Larry Sulky wrote:

> The slang meaning for "cool" of "calm" and...well, you know, "cool",
> was in use even in the 1800s. It didn't acquire the ejaculatory sense
> ("awesome!") it now also has until later, but there were equivalents,
> though I can't think of any at the moment. :-) In ilomi (and this is
> quite by natural evolution through participation of other ilomi
> enthusiasts, not any forethought on my part), the word for the colour
> 'black' has come to have the slang meaning of "cool" as in "with-it",
> "calm", "in the know". Presumably the etymology would trace back to an
> equating of 'black' with 'quiet, calm, steady'.

True, there's no reason I have to use a unique word or phrase for this 
idea; Tiki could reuse an existing word in the same way that English 
adapts words like "cool" or "awesome". I'll keep the definition around, 
but leave the word blank for now until I figure out what to do with it.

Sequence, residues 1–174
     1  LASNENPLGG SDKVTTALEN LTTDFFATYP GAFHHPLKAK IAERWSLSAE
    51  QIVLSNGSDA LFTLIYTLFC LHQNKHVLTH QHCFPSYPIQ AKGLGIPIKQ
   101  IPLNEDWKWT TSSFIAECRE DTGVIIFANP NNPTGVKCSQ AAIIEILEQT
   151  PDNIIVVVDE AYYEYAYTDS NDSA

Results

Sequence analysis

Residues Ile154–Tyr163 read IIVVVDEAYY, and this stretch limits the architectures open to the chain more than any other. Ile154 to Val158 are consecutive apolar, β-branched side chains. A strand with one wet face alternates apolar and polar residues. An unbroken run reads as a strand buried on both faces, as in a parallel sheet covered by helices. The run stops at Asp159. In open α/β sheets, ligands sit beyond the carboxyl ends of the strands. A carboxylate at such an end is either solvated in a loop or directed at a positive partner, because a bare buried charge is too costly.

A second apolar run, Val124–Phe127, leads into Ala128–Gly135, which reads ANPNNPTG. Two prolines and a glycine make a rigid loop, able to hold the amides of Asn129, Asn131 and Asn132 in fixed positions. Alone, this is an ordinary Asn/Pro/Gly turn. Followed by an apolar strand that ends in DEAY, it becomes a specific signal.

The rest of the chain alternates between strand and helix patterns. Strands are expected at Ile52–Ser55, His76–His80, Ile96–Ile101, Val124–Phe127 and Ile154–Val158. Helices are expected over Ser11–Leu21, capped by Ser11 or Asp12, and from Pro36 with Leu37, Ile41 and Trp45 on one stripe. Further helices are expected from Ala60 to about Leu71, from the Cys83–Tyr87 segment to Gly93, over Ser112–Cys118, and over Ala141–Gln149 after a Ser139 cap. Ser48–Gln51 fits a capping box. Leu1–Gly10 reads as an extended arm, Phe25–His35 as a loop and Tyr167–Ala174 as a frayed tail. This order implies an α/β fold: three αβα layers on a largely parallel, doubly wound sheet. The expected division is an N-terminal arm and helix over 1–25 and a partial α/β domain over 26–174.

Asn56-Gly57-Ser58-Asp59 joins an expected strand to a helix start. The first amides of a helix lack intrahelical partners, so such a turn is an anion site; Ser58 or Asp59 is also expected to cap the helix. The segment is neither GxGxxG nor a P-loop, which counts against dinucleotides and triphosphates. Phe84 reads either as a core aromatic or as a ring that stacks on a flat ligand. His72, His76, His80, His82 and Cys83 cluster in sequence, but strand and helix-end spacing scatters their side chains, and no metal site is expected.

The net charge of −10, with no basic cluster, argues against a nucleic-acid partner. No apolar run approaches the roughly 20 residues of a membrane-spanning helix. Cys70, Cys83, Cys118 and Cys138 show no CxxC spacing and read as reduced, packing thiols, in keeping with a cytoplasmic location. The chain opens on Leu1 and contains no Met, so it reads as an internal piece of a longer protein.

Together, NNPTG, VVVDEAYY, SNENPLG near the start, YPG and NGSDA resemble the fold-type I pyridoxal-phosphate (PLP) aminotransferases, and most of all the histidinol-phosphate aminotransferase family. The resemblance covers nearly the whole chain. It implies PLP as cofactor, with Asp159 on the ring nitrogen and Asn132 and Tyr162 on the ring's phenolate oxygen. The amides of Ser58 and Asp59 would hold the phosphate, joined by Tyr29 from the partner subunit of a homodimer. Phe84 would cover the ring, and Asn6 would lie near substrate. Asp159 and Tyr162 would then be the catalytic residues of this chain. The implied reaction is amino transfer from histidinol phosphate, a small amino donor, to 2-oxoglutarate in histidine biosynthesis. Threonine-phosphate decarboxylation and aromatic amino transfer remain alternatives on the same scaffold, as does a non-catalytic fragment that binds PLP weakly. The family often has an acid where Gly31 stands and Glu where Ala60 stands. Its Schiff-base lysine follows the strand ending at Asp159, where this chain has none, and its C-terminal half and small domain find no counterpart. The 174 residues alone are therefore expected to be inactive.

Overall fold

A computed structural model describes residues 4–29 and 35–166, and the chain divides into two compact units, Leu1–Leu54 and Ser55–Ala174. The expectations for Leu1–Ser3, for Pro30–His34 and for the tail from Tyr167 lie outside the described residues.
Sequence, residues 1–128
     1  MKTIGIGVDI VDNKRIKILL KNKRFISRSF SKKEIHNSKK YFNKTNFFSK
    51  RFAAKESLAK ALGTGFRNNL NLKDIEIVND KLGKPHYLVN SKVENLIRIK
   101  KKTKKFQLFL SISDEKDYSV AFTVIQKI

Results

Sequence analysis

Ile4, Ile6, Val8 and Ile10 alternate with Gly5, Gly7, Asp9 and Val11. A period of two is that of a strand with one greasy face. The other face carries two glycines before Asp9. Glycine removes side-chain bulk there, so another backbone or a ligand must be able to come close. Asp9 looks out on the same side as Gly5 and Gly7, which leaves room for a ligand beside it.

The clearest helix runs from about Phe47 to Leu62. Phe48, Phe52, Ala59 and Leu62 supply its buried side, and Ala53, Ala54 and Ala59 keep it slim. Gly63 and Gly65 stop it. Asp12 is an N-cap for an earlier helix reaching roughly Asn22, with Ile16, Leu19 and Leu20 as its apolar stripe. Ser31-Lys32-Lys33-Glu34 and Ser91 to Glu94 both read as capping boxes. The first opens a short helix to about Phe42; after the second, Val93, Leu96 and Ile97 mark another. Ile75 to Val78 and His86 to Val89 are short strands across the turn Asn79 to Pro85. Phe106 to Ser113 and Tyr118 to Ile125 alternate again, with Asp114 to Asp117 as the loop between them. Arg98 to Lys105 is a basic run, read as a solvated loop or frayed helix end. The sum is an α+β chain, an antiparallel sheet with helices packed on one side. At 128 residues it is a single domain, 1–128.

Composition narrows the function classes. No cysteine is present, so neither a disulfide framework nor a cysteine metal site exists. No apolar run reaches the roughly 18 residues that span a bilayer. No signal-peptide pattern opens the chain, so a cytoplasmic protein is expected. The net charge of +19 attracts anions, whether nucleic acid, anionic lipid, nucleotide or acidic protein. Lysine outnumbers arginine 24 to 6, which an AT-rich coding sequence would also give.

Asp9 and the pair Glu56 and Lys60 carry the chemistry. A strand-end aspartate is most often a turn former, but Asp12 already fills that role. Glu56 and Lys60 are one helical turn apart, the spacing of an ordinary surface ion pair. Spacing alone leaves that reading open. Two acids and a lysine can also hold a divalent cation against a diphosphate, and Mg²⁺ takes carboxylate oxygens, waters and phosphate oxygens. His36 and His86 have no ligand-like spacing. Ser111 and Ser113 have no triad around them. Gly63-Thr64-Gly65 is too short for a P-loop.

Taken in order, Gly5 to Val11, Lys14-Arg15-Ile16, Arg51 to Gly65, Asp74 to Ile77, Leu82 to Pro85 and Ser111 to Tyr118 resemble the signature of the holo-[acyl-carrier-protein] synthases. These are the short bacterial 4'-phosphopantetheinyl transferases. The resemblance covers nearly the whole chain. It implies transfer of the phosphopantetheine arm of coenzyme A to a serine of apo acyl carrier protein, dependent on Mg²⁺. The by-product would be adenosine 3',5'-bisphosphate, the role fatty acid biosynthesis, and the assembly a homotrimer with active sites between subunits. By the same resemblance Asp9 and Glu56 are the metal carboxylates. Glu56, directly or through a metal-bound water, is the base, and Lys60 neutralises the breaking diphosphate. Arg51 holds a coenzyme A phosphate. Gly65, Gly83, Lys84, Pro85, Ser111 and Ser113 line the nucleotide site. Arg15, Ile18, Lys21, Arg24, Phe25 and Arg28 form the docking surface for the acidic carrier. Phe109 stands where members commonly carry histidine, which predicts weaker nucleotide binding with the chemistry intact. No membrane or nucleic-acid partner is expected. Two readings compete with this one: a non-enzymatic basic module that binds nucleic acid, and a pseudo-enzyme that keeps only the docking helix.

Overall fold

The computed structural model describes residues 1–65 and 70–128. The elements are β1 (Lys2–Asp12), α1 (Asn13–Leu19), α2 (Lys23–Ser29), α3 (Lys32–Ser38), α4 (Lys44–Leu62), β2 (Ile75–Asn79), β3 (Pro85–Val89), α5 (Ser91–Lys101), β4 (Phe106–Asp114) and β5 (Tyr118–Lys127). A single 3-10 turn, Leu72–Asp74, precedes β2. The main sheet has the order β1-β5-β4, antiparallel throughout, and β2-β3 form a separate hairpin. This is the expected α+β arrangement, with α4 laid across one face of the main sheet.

>>But then a 3-syllable word ending in -ba could be
>>misinterpreted; "maliba" (marimba) could be analyzed as "mali-ba"
>>(likely to be a husband?). Different stress patterns might help, but
>>with both suffixes and prefixes in the language, I'd need to distinguish
>>between the three possibilities "ma-liba", "mali-ba", and "maliba"
>>somehow. Perhaps all suffixes could be two-syllable roots ("beke-bale"
>>for "fragile").
> Unless you are going to really institute self-segregating morphology,
> I would recommend that you just go with a plausible and consistent
> stress rule, which will help, and accept that sometimes it's going to
> be ambiguous.

Probably just as well; it may turn out that the alternate meanings are 
just as unlikely as the misinterpretation of "maliba" (which probably 
was a later addition to the vocabulary in any case; probably most of the 
3-syllable words are later additions).